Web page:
Is terrorism crime, or is it war? What conceptual framework will or should the United States use to conceptualize its fight against terror? The distinction between crime and war, embodied in international and domestic legal regimes, institutional-administrative divisions, and in such legislation as the Posse Comitatus Act, (1) requires serious rethinking in the light of the terrorist attacks of September 11, 2001. (2) Whether we choose the framework of war, the framework of criminal pursuit and prosecution, or, as is more likely, some complicated combination of the two will have major ramifications in the spheres of law, politics, and policy.
This Essay proposes to examine a few of the most important and interesting problems associated with the choice of framework, and to address in a preliminary way the central question of how the crime/war distinction should be treated, developed, preserved, or revised. Part I investigates the distinction between crime and war and proposes four criteria that underlie that intuitive distinction. Applying these criteria shows that some cases, such as international terrorism, can plausibly be characterized as both crime and war and that these cases therefore undermine the binary character of the crime/war distinction. Part II considers the practical consequences of the crime/war distinction for the pursuit and capture of international terrorists, paying particular attention to a striking asymmetry: on the one hand, criminals generally may not be killed by their pursuers if they pose no immediate threat, but may be punished after capture; adversaries in war, on the other hand, may generally be killed in pursuit without giving quarter, but generally cannot be punished after they are captured. (War criminals constitute a complicated hybrid category.) There is therefore reason to think that U.S. policy can and will treat international terrorists as war adversaries while they are being pursued and as criminals of some sort after they are captured. Part III briefly considers the institutional and administrative implications of the breakdown of the crime/war distinction in the case of combating international terror and discusses the sorts of institutional changes that may be appropriate. The general suggestion of the Essay is that it may not be necessary to choose either crime or war as an exclusive general framework for addressing problems of international terror. Rather, the framework itself may require reexamination--a reexamination perhaps long overdue, but in any case prompted in the United States by the events of September 11.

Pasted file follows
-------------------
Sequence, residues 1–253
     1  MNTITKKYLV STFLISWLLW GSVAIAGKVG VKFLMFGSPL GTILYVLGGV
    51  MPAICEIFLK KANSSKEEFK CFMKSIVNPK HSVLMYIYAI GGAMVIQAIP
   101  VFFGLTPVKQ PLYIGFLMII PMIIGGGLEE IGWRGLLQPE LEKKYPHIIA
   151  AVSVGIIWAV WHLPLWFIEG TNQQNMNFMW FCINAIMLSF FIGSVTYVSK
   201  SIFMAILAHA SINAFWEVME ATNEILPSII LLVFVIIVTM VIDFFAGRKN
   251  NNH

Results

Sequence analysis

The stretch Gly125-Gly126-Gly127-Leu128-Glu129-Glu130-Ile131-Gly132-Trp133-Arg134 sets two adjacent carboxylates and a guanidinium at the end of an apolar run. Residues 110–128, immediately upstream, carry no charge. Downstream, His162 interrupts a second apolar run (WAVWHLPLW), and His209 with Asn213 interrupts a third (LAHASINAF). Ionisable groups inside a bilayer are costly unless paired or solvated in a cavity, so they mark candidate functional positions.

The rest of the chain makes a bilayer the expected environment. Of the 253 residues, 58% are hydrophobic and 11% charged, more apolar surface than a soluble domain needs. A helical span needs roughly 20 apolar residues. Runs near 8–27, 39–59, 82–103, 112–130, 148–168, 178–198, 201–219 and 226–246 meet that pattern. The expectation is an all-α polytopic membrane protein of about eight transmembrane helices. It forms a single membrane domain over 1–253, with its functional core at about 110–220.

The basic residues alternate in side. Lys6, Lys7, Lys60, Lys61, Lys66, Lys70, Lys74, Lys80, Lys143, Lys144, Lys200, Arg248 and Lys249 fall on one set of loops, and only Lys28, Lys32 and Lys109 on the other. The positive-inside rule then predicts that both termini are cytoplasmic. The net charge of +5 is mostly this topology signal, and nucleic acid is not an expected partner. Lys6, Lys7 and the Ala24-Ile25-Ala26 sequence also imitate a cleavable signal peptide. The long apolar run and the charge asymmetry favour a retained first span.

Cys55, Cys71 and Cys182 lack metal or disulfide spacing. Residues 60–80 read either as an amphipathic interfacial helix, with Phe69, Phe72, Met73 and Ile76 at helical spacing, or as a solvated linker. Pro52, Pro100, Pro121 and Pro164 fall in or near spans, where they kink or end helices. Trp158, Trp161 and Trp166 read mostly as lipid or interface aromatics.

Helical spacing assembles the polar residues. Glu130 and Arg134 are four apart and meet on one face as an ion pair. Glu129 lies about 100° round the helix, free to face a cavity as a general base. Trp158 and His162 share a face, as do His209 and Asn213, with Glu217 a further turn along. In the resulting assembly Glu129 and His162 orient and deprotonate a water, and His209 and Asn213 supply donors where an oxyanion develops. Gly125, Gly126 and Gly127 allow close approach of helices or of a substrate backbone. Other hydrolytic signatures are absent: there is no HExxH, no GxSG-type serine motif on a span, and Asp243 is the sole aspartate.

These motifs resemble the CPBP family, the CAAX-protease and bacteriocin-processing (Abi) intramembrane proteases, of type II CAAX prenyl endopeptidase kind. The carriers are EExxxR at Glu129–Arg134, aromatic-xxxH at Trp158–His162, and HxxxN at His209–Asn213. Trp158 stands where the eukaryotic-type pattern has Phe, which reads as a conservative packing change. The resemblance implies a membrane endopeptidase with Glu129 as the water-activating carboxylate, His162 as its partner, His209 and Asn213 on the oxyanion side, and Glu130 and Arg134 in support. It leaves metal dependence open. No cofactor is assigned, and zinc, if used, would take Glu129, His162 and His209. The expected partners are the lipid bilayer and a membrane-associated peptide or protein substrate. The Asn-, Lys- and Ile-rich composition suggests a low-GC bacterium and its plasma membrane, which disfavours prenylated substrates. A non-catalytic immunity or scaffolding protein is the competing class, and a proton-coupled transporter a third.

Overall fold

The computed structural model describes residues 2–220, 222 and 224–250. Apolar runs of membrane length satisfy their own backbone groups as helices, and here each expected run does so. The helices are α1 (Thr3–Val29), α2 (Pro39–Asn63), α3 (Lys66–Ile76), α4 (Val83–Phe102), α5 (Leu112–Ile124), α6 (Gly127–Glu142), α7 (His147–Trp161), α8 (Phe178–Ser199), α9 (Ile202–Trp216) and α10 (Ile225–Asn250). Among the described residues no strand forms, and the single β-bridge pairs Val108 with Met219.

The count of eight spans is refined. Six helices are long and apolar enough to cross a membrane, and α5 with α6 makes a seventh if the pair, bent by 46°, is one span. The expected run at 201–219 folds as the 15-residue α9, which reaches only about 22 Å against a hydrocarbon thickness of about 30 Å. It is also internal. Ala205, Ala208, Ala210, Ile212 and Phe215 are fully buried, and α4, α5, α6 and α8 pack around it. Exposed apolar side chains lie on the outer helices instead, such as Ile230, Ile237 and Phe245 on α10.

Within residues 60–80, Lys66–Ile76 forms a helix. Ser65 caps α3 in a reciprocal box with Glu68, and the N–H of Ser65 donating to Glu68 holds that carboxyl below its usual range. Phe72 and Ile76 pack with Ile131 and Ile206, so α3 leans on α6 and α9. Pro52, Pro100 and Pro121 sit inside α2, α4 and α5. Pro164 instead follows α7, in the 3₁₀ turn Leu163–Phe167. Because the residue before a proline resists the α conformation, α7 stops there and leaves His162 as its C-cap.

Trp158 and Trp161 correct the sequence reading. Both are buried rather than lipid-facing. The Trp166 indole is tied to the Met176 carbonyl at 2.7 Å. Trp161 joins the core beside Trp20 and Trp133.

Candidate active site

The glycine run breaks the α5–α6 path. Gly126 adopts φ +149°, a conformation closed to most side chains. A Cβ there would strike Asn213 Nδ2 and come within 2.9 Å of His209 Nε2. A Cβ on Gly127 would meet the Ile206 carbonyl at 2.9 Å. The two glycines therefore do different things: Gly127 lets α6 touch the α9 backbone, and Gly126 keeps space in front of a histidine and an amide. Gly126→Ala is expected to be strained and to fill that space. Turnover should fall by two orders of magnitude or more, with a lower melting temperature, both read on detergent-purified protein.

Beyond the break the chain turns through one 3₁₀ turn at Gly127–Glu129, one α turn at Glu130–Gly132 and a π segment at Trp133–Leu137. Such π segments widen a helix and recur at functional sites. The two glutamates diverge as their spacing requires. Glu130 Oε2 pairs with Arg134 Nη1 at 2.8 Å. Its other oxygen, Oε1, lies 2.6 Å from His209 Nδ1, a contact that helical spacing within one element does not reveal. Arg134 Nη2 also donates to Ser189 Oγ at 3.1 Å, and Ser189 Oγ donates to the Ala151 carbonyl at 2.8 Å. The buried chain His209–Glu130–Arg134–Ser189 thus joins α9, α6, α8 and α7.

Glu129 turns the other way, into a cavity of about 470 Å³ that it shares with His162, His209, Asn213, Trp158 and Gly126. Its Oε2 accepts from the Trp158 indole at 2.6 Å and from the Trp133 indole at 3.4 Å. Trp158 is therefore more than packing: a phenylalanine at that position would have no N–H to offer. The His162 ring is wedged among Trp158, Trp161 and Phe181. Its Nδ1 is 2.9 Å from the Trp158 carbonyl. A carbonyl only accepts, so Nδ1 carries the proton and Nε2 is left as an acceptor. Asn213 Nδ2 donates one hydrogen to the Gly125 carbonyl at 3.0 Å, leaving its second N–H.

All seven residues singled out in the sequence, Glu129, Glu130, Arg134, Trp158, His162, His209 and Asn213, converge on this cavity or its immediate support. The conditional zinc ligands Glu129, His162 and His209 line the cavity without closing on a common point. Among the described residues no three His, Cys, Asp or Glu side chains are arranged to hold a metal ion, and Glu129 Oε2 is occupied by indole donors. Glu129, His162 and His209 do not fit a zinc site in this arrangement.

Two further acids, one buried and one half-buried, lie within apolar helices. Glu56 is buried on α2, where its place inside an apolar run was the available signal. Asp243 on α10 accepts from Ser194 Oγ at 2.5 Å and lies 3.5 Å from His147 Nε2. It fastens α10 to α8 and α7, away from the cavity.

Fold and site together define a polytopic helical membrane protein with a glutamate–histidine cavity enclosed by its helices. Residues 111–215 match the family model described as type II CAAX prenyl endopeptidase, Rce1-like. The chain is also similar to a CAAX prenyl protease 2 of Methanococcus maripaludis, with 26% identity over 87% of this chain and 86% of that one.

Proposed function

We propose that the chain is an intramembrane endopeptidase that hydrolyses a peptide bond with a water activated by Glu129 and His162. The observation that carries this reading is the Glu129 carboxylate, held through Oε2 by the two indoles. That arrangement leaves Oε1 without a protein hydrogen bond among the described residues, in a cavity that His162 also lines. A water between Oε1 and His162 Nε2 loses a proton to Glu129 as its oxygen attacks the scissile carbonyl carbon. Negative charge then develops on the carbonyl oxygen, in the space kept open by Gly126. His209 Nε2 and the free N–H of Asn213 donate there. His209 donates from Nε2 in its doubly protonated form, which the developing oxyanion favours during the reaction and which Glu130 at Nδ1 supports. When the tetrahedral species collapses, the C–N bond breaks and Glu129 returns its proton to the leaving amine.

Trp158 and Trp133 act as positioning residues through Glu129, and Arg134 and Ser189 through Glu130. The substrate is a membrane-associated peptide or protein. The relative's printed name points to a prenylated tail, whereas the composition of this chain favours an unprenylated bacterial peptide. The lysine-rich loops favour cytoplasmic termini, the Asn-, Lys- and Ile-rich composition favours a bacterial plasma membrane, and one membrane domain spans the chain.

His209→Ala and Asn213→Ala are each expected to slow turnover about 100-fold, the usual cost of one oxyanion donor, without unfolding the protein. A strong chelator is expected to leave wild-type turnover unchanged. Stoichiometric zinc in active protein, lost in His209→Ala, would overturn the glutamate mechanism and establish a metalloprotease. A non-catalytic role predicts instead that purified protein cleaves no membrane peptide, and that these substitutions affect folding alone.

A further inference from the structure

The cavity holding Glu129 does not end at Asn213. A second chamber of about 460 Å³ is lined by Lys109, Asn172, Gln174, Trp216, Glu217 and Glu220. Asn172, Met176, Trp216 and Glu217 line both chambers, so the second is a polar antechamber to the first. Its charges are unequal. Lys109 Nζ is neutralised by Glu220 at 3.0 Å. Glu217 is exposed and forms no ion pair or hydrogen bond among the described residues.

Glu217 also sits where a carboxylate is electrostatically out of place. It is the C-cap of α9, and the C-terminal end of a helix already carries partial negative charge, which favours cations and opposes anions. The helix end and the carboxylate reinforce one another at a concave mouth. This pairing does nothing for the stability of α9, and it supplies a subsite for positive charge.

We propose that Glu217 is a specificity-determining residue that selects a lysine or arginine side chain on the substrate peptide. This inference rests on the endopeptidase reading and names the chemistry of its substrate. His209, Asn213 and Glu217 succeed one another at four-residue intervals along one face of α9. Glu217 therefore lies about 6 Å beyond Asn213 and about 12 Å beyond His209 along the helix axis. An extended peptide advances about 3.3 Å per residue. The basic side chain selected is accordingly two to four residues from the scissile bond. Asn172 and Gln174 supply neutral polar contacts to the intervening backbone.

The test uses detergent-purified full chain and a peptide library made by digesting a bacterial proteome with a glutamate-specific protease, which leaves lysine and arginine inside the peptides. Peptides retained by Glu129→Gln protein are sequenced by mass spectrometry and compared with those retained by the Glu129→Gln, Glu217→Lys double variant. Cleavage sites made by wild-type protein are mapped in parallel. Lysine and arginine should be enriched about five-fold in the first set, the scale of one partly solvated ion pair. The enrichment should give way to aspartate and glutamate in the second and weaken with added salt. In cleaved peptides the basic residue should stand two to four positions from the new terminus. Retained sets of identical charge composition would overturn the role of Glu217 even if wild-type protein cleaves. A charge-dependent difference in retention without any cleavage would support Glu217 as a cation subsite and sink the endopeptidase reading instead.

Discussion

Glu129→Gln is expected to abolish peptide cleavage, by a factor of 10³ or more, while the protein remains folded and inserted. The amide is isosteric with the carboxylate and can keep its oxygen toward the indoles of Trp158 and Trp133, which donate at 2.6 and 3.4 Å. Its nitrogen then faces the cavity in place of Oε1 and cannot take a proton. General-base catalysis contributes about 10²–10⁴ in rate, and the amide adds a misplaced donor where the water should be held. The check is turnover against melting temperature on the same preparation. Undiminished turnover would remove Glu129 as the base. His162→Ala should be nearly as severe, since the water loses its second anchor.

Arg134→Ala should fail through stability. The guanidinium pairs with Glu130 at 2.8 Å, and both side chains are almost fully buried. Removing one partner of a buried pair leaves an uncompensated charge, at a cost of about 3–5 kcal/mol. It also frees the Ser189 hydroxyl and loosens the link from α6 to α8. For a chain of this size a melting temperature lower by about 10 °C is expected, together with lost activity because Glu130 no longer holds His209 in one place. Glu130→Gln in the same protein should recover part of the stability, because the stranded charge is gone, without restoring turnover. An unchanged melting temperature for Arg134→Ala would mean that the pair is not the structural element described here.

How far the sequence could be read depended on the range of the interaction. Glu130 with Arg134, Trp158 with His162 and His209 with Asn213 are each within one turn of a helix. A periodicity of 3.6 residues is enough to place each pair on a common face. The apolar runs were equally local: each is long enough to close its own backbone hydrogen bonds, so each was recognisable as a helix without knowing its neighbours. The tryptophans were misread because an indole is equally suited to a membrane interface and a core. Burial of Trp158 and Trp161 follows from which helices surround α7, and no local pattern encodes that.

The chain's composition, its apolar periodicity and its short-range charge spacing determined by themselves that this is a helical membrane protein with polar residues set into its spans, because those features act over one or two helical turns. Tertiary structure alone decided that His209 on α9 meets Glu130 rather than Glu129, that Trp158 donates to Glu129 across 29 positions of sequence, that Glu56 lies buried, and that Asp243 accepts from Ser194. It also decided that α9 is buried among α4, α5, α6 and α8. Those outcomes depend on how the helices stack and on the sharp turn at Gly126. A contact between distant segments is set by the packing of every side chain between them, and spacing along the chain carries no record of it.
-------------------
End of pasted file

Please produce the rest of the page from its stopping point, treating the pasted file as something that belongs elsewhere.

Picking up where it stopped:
WAR AND CRIME: A BRIEF EXCURSUS
What sort of distinction is the familiar one between war and crime? Begin with the traditional distinction between crimes against domestic law and acts of war against a state. Both crime and war involve acts that in some sense offend against the state--after all, crime was long said to violate "the king's peace." (3) But a crime violates the laws of the state, whereas a war involves a violation of, or a challenge to, a state's sovereignty more generally. What are the constitutive elements of this distinction?